What are cremini mushrooms and why are they so beloved? We’ve got your answers

If you’ve heard about people growing mushrooms at home, or if you’re a big fan of mushrooms in food, then you’ve probably heard of cremini mushrooms. They’re a favorite of many gardeners and culinary experts alike. What is it, exactly, that sets cremini mushrooms apart from other garden staples? If you’re confused or curious about cremini mushrooms, and are wondering what they are or how you can grow your own to find out for yourself, then you’re in the right place. We’ll tell you everything you need to know to understand, grow, and cook cremini mushrooms.

What are cremini mushrooms?

Cremini mushrooms, also called crimini, baby bella, Roman brown mushrooms, Italian brown mushrooms, and Swiss brown mushrooms, are the middle growth stage of Agaricus bisporus. They are fairly small, with rounded brown caps and a firm texture. The fact that they’re the middle growth stage is actually important, as younger mushrooms of Agaricus bisporus are called button mushrooms and older ones are called portobello. Yes, you read that right, cremini, button, and portobello mushrooms are all the same mushroom at different ages. Agaricus bisporus is native to Europe and North America, specifically the grasslands. However, nowadays it can be found in nearly every grocery store and restaurant, and even in plenty of home gardens.

A pan full of sauteed cremini mushroom chunks

The uses and benefits of cremini mushrooms

Cremini mushrooms are good sources of protein and potassium, and have small amounts of several vitamins and minerals as well. Additionally, cremini mushrooms are naturally low in both sodium and fat. They can be eaten raw, as a snack on their own or as part of a larger dish like a salad or sandwich. Agaricus bisporus tastes mild when young, but becomes meatier as it ages. Cremini mushrooms are a nice middle ground—mild enough to be added to almost any dish, but meaty enough that the taste isn’t completely covered by other ingredients. Cremini mushrooms are commonly sautéed with onion and garlic, added to stir fries or soups, or mixed into rice or noodle dishes.

If you can’t find cremini mushrooms, or if you enjoy some elements of cremini mushrooms but not others, then there are a few other things you can use as substitutes in your meals. You can use button mushrooms for a milder flavor, or portobello for a heartier, meatier flavor. Shiitake mushrooms will give your meal a slightly richer taste, while oyster mushrooms have a more subtle, delicate taste. If you’re allergic to mushrooms, but still want to experience a similar flavor and texture, then consider adding eggplant to your meals.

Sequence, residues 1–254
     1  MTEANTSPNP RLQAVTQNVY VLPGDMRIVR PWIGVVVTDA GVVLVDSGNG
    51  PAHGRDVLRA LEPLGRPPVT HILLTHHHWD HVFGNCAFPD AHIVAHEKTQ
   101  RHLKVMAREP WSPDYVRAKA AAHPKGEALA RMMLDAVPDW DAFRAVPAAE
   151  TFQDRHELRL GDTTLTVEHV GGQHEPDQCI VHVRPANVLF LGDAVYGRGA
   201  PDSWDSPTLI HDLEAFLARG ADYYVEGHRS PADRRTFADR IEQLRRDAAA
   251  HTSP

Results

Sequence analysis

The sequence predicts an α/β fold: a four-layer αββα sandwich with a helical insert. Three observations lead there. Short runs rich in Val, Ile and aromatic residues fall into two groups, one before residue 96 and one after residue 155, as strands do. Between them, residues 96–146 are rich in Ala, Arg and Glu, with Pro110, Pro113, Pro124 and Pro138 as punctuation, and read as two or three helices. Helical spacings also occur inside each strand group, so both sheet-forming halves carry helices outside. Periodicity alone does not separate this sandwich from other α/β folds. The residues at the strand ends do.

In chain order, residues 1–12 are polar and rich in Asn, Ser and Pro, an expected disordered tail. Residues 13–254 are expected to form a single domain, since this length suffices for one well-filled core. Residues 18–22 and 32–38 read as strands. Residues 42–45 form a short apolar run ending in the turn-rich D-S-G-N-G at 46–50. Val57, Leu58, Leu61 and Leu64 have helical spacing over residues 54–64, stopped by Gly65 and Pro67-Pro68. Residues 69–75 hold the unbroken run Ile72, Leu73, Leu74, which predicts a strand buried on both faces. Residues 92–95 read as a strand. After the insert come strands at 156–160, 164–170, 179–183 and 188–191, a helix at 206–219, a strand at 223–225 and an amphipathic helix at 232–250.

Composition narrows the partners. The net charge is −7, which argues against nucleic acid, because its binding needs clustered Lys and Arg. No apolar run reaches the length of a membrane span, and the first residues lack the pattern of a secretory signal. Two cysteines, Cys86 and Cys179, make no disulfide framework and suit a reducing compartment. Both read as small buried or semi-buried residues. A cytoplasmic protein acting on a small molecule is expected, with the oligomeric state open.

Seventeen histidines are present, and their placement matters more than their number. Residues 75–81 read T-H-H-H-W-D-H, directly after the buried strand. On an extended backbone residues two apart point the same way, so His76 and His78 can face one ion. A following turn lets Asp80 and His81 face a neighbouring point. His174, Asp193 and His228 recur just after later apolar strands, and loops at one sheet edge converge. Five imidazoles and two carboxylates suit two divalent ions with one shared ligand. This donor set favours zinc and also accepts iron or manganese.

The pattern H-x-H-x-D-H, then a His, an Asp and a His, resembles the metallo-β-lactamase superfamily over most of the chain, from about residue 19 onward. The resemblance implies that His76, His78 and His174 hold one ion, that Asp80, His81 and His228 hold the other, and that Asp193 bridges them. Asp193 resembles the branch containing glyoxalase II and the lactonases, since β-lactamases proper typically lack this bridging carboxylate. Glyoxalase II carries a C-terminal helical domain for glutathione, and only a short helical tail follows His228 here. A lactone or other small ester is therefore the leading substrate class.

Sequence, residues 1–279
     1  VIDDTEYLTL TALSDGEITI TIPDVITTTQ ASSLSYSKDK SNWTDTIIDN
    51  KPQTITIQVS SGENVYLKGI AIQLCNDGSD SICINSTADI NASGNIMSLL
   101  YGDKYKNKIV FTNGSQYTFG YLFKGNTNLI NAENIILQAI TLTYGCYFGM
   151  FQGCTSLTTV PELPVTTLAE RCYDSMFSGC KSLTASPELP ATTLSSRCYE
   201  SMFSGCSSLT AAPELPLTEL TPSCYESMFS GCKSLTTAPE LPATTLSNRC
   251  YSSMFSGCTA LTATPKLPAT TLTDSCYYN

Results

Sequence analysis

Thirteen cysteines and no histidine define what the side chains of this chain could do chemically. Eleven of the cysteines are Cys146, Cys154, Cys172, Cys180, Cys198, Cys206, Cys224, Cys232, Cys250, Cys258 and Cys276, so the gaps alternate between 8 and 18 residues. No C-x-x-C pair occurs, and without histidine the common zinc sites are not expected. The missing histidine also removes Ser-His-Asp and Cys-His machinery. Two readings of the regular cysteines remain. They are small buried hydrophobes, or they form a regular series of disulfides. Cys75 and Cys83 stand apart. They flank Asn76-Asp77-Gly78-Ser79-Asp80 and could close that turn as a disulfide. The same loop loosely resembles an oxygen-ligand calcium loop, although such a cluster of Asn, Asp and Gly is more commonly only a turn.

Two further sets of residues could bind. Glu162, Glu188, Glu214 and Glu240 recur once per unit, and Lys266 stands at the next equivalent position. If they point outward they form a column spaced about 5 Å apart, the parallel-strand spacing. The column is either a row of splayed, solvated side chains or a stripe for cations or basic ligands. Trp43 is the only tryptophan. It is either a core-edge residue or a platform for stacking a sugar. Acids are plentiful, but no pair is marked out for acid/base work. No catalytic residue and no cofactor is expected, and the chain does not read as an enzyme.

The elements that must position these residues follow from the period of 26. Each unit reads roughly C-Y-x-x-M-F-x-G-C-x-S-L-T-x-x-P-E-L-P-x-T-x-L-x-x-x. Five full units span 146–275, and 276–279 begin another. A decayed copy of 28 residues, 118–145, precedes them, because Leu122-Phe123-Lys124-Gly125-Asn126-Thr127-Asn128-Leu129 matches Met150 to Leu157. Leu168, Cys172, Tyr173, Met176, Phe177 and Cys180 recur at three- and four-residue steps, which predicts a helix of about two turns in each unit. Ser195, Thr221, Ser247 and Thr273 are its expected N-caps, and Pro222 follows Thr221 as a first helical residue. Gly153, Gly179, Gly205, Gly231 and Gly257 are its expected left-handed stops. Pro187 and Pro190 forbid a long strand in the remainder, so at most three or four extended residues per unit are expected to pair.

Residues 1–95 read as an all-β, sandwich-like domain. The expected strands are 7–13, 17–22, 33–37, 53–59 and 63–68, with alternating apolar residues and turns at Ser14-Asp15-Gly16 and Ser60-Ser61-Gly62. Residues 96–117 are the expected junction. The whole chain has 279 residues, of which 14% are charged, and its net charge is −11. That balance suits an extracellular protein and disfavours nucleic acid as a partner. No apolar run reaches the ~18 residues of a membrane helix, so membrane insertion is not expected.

Cremini mushrooms growing in dark soil

Growing cremini mushrooms

The good news is that cremini mushrooms are exceedingly easy to grow. Although there’s little work involved, you can reduce the amount even further by getting a grow kit. If you’d rather do it all yourself, then there are a few things you’ll need:

  • A box with solid sides
    • Plastic, metal, or wood
  • High nitrogen substrate
    • Horse manure or a mix of manure and compost
  • Mushroom spawn or spores
    • Can be obtained online or in gardening stores
  • Spray bottle of water

Start with a box that’s at least six inches deep. If your box is cardboard, or another material that absorbs moisture and breaks down, then you should line the inside with a garbage bag to prevent the mushrooms from growing into the box. Add the substrate to your box, leaving a few inches of room at the top. Next, mix your mushroom spores or spawn into the top few inches of the substrate and place the box somewhere dark and warm.

Mist the substrate regularly, so that it doesn’t dry out. Keep the box warm until the substrate is covered in thin white mycelium. Then move the box somewhere cooler, keeping it in the dark. You should begin seeing mushrooms form not long after that. They can be harvested as soon as their caps open, pulling away from the stem to reveal the gills underneath. At this stage, they’re button mushrooms, and won’t be cremini mushrooms until their caps turn brown. To harvest them, gently snap or cut them off at the base of the stem.

That’s all the information you need to know for growing and cooking your very own cremini mushrooms. You’re ready to impress your dinner guests with fun facts about their meal or wow your fellow gardeners with your mushroom farm. Once you’ve grown your own cremini mushrooms, you’ll also be experienced enough to successfully grow other kinds of mushrooms, too. There’s a wide world of fungi out there, so why not give a few different kinds a try? You’ll be glad you did when you’re enjoying the rich rewards for a surprisingly small amount of effort.

Editors' Recommendations